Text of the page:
Northampton now taking bids for Florence Community Center
NORTHAMPTON — The Florence Community Center is now up for sale to the highest bidder.
The City Council Thursday voted to declare the Pine Street building as surplus property and the city put the finishing touches Friday on a request-for-proposals for the 84-year-old former Florence Grammar School building.
The proposal, written by a special Florence ReUse Committee in cooperation with the Finance Committee, lays out several criteria that it would like to see bidders meet. In addition to price, the city is looking for a buyer who expresses support for the arts and small business development. It also would like to see a bidder adhere to historic preservation of the building and provide space for short-term community use.
The property also carries a payment in lieu of taxes agreement should the high bidder be a nonprofit organization that is exempt from property taxes. In that case, the nonprofit would agree to make payments to the city equal to the tax that would be assessed.
Bids will be accepted until May 20 at 2 p.m.
Ward 5 City Councilor David A. Murphy, who chairs the Finance Committee, said the proposal is written in such a way that officials hope to receive a number of bids.
“It is our prevailing hope that this expresses our desires and is general enough that we’re going to get some decent bids and that we can do business in a decent time period that is respectful for the existing tenants,” Murphy said.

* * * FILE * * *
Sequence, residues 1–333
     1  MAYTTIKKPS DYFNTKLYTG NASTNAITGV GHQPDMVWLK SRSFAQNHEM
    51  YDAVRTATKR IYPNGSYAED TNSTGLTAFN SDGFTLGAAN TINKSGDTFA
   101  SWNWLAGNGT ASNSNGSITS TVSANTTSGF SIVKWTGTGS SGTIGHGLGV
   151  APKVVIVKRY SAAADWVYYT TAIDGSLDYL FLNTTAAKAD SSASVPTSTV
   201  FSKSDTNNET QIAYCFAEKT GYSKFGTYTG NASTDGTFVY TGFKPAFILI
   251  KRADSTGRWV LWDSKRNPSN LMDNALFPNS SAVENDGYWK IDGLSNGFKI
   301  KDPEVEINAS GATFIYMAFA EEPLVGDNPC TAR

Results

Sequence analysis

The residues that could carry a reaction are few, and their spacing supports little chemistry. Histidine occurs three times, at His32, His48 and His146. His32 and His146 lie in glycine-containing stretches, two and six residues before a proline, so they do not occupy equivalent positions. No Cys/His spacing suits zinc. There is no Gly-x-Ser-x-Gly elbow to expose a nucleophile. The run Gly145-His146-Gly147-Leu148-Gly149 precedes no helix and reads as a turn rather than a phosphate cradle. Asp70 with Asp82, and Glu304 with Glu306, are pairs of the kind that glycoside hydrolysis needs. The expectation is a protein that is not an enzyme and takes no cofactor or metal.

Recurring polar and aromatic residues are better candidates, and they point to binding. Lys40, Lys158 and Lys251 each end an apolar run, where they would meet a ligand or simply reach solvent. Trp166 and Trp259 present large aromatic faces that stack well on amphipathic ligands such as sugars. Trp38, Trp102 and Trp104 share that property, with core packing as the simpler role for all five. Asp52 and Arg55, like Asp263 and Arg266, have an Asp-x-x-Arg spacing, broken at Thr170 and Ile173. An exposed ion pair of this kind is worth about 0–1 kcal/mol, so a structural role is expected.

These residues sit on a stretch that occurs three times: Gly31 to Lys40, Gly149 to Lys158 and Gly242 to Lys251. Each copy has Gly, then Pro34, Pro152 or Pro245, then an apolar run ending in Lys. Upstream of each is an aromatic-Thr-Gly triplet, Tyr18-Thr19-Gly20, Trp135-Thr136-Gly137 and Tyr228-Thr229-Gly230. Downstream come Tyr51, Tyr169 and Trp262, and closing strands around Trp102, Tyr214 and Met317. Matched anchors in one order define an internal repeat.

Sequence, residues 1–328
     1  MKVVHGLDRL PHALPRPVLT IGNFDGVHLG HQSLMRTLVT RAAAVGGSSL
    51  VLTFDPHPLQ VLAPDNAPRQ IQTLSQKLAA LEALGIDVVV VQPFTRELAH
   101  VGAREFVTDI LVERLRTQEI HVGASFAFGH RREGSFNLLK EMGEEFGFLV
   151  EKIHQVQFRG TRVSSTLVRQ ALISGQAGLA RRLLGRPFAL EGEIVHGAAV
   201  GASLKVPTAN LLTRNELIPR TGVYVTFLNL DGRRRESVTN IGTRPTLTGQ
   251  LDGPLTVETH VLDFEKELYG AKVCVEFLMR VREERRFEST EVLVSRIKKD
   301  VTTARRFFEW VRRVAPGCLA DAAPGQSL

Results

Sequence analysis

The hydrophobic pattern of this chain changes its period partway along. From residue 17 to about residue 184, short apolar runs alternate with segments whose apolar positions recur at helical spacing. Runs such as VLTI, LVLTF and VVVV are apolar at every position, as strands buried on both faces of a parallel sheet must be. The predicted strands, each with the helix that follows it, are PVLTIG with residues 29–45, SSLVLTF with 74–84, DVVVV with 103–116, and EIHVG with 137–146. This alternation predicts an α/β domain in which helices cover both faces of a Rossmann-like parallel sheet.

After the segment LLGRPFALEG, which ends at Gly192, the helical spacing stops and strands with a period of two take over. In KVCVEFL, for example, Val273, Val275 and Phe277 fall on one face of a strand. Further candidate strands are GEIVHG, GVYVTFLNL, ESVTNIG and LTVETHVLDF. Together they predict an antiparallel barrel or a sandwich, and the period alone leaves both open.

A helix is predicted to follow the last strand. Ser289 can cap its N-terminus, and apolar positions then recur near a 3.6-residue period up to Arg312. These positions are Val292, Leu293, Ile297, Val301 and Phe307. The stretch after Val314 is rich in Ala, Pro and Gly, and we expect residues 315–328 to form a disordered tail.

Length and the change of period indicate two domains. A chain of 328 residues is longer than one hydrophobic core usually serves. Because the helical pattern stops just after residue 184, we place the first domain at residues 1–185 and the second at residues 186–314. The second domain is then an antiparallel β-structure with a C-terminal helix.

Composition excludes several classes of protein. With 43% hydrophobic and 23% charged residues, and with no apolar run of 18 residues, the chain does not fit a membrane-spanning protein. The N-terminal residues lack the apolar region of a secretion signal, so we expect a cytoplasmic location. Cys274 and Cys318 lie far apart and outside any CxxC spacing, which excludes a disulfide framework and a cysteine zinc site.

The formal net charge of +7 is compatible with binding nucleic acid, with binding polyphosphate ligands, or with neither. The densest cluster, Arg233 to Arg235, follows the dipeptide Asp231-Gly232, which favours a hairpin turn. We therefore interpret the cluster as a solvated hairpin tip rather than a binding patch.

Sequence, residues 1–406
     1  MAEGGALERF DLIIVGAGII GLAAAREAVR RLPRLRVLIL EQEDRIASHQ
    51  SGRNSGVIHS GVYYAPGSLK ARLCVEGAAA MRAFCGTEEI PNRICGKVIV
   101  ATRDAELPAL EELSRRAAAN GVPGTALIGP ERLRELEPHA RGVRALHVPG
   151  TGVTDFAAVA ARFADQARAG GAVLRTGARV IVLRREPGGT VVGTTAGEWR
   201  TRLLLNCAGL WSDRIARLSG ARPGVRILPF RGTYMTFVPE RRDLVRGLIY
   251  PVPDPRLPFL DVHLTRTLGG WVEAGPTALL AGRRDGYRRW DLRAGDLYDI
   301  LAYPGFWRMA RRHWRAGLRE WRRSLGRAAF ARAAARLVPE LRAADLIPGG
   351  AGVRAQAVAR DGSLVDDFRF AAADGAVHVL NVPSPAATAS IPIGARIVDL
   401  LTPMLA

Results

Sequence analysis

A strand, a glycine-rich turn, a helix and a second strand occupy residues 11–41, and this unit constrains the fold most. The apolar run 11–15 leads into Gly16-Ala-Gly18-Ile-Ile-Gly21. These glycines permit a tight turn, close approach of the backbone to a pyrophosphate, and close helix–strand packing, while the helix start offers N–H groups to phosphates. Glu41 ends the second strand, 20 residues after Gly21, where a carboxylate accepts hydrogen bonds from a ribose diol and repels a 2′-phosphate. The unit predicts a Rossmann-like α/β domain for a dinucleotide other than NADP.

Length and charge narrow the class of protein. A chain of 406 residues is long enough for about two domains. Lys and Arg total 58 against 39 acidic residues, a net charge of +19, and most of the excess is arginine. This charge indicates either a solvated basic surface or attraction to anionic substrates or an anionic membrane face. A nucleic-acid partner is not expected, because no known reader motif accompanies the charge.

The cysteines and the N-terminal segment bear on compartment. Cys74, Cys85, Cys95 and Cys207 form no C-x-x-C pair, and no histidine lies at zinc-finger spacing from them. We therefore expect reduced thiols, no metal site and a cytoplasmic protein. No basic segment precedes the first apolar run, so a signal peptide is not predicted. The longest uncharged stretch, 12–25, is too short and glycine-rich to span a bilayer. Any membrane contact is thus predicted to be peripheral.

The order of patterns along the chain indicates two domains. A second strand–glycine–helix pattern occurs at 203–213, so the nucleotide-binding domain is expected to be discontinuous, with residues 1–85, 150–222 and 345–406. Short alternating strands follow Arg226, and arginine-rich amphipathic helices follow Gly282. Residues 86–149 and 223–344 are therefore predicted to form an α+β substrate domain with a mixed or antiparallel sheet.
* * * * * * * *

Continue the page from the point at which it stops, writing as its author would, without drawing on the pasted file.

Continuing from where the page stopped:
The building is located on 2.2 acres at the corner of Pine and Corticelli streets. It closed as a school in 1991 and three years later reopened as a Recreation Department youth and community center. In 2002, the School Department opened an alternative learning program that ran until 2008 before moving to the high school.
The old grammar school building now houses more than a dozen nonprofits and other tenants. A tenants association representing those businesses has indicated it wants to stay there, and is reaching out to individuals and organizations that it might partner with.
Several councilors were pleased that the city is not giving the building away and is including payment in lieu of tax language to ensure money will come into the city’s coffers every year.
“I appreciate that the property will be subject to a payment in lieu of taxes. It’s good to know that will be mandated by this RFP,” At-Large City Councilor Jesse M. Adams said.
Murphy said the committee opted to move quickly with the sale this spring for several reasons. Tenant leases are set to expire at the end of June and the city would like to identify a buyer who could develop a relationship with those tenants before the leases run out.
“It would provide some security to them that they are going to be able to stay in the building moving forward,” he said.
The committees also acknowledged that the city is in tough financial times and sought to reassure residents that “this isn’t going to be one of those dollar transfers,” Murphy said.
“We’re not just going to give the building away,” Murphy said. “We actually need the proceeds from the building.” In a related matter, the council also approved placing a preservation restriction on the building. A future buyer will have the right to accept or reject the restriction, which would limit changes to the exterior of the building, but would allow interior changes.
Should the city not like the bids it receives, it has the option to reject them and start the process over, Mayor David J. Narkewicz told the council.
The city took ownership of the former school last year after the School Committee determined it no longer needed the structure. The city determined that it didn’t need the three-floor, 30,000-square-foot building for municipal purposes, nor did they want to invest $1.2 million in needed upgrades.